Task-based language teaching (TBLT) is an increasingly popular approach to second and foreign language education across the globe. Based on insights from the fields of general education, second language (L2) acquisition research and L2 pedagogy, TBLT uses communicative tasks as the defining unit for L2 curriculum and syllabus design. In this seminar, we will first discuss theoretical, empirical and practical rationales for task-based language learning and teaching. Then, we will review some key steps involved in the development of task-based curricula, from carrying out a task-based needs analysis to deriving and sequencing pedagogic tasks, implementing task-based syllabuses and assessing student performance. Throughout the course, we will draw on recent research on TBLT, and consider how TBLT principles can be applied in various educational contexts.

Dr. Mitsue Allen-Tamai (Aoyama Gakuin University, Japan)

Teaching English to Young Learners

The introduction of English education into elementary schools has been much discussed in the last few decades. In order to keep up with the pace of globalization, people in non-English-speaking countries are eager to acquire high levels of communicative English proficiency, while people in English-speaking counties have striven to develop appropriate educational curricula to help young immigrant children learn English. Thus there is a strong social demand for teaching English to young learners throughout the world. However, this strong focus on young learners has not yet occurred in Japan. English will only become a regular subject in Japanese elementary schools in 2020. The Ministry of Education, Culture, Sports, Science, and Technology (MEXT) has specified the course's aims and contents a new Course of Study, and MEXT-approved textbooks for upper elementary school children, which will only be used in 2018 and 2019, are now accessible.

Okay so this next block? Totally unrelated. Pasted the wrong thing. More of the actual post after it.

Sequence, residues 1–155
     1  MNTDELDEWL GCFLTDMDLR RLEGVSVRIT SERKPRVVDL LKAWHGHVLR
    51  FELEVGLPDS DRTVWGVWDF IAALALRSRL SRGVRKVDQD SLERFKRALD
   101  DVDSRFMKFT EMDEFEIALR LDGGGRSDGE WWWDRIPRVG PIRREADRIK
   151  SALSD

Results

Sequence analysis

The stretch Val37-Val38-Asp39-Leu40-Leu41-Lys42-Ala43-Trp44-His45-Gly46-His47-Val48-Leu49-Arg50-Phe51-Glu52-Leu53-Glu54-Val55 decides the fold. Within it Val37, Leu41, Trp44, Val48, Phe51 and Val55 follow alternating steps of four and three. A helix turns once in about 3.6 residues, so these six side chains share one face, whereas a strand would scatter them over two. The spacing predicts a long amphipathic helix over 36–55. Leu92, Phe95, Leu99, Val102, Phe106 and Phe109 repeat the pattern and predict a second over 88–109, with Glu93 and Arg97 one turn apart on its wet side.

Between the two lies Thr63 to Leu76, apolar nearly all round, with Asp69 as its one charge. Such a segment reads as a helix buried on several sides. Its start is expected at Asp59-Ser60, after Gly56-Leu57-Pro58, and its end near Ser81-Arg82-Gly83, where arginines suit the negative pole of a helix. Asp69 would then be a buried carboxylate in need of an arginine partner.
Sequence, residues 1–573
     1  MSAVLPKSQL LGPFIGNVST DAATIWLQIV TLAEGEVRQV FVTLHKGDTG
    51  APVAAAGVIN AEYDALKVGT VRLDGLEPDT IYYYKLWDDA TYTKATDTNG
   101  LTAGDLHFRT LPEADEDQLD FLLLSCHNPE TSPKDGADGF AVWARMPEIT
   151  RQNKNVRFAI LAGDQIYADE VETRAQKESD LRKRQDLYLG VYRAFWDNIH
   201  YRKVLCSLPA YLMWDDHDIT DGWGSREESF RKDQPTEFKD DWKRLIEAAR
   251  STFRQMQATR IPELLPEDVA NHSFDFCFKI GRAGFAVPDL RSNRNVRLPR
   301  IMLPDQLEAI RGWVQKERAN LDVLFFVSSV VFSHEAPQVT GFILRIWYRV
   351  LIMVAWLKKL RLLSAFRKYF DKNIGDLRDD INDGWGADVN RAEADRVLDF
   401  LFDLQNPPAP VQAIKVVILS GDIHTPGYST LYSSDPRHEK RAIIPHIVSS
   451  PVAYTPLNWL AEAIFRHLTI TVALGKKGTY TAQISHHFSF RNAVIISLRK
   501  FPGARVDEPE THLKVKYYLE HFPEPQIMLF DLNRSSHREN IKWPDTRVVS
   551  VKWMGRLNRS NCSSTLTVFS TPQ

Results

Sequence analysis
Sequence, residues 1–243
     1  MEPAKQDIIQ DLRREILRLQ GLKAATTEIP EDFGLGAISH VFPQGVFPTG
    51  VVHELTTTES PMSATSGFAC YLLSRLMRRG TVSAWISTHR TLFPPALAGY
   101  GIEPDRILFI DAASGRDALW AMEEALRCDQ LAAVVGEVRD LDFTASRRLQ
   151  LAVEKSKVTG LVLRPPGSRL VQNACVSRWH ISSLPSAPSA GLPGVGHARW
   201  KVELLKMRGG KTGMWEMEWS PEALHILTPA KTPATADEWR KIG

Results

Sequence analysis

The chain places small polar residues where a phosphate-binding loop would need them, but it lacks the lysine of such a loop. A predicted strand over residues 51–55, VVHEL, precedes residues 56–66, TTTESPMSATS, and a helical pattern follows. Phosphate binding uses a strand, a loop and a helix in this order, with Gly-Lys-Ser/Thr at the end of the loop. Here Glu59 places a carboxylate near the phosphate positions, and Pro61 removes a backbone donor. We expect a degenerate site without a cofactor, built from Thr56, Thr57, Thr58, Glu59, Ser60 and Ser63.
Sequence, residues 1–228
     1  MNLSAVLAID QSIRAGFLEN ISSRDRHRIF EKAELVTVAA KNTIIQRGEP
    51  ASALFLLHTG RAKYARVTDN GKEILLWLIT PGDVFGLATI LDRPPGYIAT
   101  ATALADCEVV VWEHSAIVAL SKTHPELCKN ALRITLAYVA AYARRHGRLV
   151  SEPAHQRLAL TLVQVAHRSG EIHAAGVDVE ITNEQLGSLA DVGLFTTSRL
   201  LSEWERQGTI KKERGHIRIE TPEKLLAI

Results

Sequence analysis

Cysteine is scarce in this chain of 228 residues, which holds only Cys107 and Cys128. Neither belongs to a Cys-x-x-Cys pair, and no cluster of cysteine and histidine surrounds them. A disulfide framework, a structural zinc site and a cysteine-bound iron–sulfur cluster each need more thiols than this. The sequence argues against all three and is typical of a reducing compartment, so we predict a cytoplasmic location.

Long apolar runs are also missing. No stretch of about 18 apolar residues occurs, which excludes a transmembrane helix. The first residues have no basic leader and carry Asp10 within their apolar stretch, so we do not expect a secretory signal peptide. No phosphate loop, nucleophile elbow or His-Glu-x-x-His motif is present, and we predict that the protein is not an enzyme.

This seminar will provide an introduction to the theory and practice in the teaching of English as a second language to young learners, from the ages of three to twelve, focusing especially on English education for Japanese children. The objectives of the course are to develop: (a) an understanding of the psychology of young learners and their language acquisition and (b) a working knowledge of methodologies and classroom practices for teaching English as a second language to young learners.

Dr. Gary Barkhuizen (The University of Auckland, New Zealand)

Qualitative and Narrative Approaches to Researching Language Teaching and Learning